V.P. Riniker Says Farley Business Growth Model For Organization
Vice President Paul Riniker knows National Farmers, agriculture and cattle.
Through the last several years, the number of cattle marketed through National Farmers using the Nexus Ag Marketing risk management programs has grown by double-digit percentage points, Riniker says. Because of that, he sees opportunities in the cattle business for National Farmers using the Farley, Iowa, National Farmers Livestock Marketing Center as an example.
As more dairymen in the area near Farley exited milk production, and with land remaining very expensive, these farmers retained equity to move into cattle feeding. “People went from feeding 50 to 150 dairy cows, to feeding 300 to 1,500 cattle, and they need help marketing those cattle, because contracting is new to them, and we’re in the area doing it,” Riniker says.
Banks see the value in what National Farmers’ Nexus risk management services provide, as well. “They’re promoting trying to eliminate risk,” Riniker says, and as lenders promote risk management in the cattle business, they’re putting the National Farmers name and the Farley marketing center with that. “We have a good track record, and that’s why we have repeat customers,” Riniker says.
The presence of ethanol plants, cattle feeding moving to the Midwest and the popularity of total mixed ration implements to use home-grown feeds, all add to the potential, he suggests. National Farmers is already spread throughout the Midwest from Minnesota and Iowa to Ohio, where cattle feeding is growing, giving National Farmers a location advantage. “I strongly believe the cattle numbers could grow with the right folks on staff and the right locations,” he emphasizes.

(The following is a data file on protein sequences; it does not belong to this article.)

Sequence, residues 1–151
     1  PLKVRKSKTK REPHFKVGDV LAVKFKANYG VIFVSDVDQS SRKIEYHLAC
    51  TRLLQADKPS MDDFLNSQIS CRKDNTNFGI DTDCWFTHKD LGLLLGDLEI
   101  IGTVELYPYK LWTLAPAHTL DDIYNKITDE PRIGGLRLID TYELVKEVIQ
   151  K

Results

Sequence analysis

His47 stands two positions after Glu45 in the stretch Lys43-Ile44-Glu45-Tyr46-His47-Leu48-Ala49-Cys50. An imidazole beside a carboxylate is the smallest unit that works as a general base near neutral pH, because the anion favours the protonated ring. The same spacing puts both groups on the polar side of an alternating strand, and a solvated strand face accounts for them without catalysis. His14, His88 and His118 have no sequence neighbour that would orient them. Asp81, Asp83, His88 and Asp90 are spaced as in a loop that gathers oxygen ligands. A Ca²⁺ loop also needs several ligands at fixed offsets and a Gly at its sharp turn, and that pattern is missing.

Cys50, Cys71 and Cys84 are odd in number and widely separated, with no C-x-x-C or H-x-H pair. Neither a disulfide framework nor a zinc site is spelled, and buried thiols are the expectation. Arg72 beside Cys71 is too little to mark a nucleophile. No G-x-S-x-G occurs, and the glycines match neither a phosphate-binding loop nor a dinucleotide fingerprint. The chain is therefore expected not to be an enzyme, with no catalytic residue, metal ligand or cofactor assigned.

Riniker, who farms near Greeley, Iowa, finishes 1,500 head of Holstein steers a year. He works with National Farmers Livestock Representative Tom Green to purchase 300-lb. calves in groups of 150 for his operation. “He does a very good job, checking health status, and monitoring the growers who raise those calves to 300 lbs.,” Riniker explains. “And Tom raises three pens a year for me, which is about 450 head of his own, so he knows calves as well as anyone I know. He’s a real asset to the organization.”
Riniker works with Jeff Rose, cattle risk manager, and Pat Lampert, livestock director, on contracts. “We set target prices off the board, usually on basis contracts. I work with them both on picking a price that is possible,” he says. So, Riniker’s vision for National Farmers’ future in the cattle marketing and risk management business is one based on his own successful experience with what National Farmers gives cattle producers.
Riniker’s practices on the production side meet high standards. When calves come onto the operation, Riniker houses them in a grower building until they reach 600 lbs. Then, with the help of employees, he moves them into the finishing building until they reach about 1,450 lbs., and they go to market. Riniker aims for a carcass of 825 lbs. to 900 lbs. No stranger to quality, 90 percent of the beef from his operation grades at choice and prime. They change bedding twice weekly, monitoring health from head to tail as the cattle are moved in and out of buildings. He runs a full vaccination program and feeds his animals the best rations possible.
Riniker grows 460 acres of corn and 100 acres of hay, retaining the crops for his livestock operations. He also finishes 50 colored calves per year, centering that operation around 100 acres of rented pasture. He bought the colored cows after a 2012 barn fire instigated selling the dairy herd belonging to him and his wife, Janet.
Owning and operating a custom bagging business, Riniker sees the benefits of retaining feed quality for his livestock operation, and customers’ operations, through starting with the right ration, then properly storing it. “I use innoculents on the feed during the chopping process,” Riniker says. “That extends bunk life and aids in fermentation.”
Typically, the average finishing ration is 2 lbs. hay and one-third each of earlage and high moisture corn, and 50% moisture distillers grains, he explains. It’s palatable to the cattle, so they consume it heartily.
Referring to quality production on the part of cattle producers as a whole, Riniker says, “We’re professionals out here doing a professional job.”